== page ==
When room service is its best self, you might be greeted by a quartet of towering, skewered club sandwiches stacked on a plate so big it's really a platter, a frenzy of french fries, and one very cold pickle crowding the party. Paper caps would top all the water glasses, and rounds of hyper-salty butter would be served like fallen dominos in porcelain saucers. You'd be spending a small fortune, feeling like a champ.
Hold up. Are cold pickles and $25 chicken sandwiches the very best that hoteliers can do? Is a rollaway what we really want from a meal that's got a very high sexy potential, being served to us in bed and all?
Roy Choi, chef at the Line Hotel in Los Angeles, thinks not—as our very own Director of Events Kate Kudish and Shop Buyer Kristina Wasserman found out on a recent stay.
At The Line—which is housed in a restored midcentury building in L.A.'s Koreatown and studded with cement-walled rooms designed by Sean Kibb—room service is not one bit ho-hum. First, the menu slays: congee porridge with a soft egg, soy, and pickles for breakfast, seared black bass with charred carrots for dinner, and—okay, okay—a club sandwich for lunch (turns out you can't beat it), plus so much more.
But The Line's room service excellence is all in the delivery. Cake pan-like tins of food arrive stacked like a large tiffin, swaddled in a knotted vintage scarf that you'll vaguely wonder if you get to keep (though don't, so other guests can enjoy them) before being further distracted by unfolding joys. Coffee comes in a Stanley canister, glamping-style, and unwrapping it all is as fun as unwrapping anything is, since you don't know what's coming next or how adorably it will be arranged.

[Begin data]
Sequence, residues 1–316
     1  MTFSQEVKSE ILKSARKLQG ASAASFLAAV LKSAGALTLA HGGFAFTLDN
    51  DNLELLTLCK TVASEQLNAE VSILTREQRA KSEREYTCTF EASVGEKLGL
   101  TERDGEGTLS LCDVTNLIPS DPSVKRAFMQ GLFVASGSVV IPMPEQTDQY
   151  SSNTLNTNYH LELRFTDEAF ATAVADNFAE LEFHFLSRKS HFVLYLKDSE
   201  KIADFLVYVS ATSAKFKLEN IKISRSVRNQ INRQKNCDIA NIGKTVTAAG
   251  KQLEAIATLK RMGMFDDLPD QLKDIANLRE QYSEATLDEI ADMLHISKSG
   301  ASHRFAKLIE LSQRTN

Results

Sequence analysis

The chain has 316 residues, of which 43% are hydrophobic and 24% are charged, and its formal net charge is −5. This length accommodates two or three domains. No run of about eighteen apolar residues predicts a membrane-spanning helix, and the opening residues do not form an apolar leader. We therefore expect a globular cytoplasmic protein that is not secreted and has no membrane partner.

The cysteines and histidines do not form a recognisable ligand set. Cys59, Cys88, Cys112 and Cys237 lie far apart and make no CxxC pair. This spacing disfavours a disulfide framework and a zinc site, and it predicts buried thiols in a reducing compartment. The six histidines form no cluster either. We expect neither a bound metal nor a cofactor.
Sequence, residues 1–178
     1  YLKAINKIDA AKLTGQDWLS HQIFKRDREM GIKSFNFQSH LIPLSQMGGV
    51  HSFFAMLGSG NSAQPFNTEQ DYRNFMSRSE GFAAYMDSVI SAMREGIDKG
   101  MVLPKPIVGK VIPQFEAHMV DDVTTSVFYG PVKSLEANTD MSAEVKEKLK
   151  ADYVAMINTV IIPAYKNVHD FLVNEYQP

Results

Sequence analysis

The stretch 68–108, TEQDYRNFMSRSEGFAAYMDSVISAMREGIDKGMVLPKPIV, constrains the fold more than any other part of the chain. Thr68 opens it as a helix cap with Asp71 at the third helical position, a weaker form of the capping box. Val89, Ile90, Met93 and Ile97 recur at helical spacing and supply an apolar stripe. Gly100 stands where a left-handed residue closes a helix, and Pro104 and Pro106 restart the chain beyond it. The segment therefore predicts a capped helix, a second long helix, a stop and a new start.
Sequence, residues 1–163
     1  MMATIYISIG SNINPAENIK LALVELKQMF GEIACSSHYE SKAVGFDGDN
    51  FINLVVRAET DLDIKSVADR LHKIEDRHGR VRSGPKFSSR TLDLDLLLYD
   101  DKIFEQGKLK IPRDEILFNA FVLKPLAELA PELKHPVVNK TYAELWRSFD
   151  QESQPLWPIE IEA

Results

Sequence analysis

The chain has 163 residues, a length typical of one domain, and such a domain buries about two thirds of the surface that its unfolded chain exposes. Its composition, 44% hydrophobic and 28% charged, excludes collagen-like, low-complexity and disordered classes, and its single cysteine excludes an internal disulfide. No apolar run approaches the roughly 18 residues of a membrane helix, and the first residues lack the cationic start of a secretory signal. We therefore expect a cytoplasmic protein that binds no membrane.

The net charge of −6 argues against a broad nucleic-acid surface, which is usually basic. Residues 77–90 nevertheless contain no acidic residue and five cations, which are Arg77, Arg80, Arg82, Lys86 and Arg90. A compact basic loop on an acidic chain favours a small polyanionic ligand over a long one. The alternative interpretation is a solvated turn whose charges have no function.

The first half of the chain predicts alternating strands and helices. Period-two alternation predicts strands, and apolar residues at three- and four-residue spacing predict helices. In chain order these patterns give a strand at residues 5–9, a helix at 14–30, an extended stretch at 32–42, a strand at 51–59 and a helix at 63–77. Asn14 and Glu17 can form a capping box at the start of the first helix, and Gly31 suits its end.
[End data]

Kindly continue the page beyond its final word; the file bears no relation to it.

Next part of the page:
"Imagine the tooth fairy—but with food," Roy says. "You wake up in the midst of Los Angeles and a linen-wrapped bundle of goodness sits at your bed. We want room service to be a gift that we deliver any time of the day, so we stripped away all the old staid anchors and wrapped it in our imaginary sails to give you a space to dream."
The result is that you end up enjoying breakfast (or lunch, or dinner) in bed as it was meant to be: a little bit unraveled, partially-reclined, and so very good that it drags on for way longer than it should. We're very much into the upgrade—thank you, Roy!—and hope it spirals into a better-room-service-everywhere trend.
Many thanks to The Line, who graciously put up our employees Kate and Kristina while they ran our pop-up in Los Angeles.
Do you ever order room service? Tell us about your favorites in the comments.
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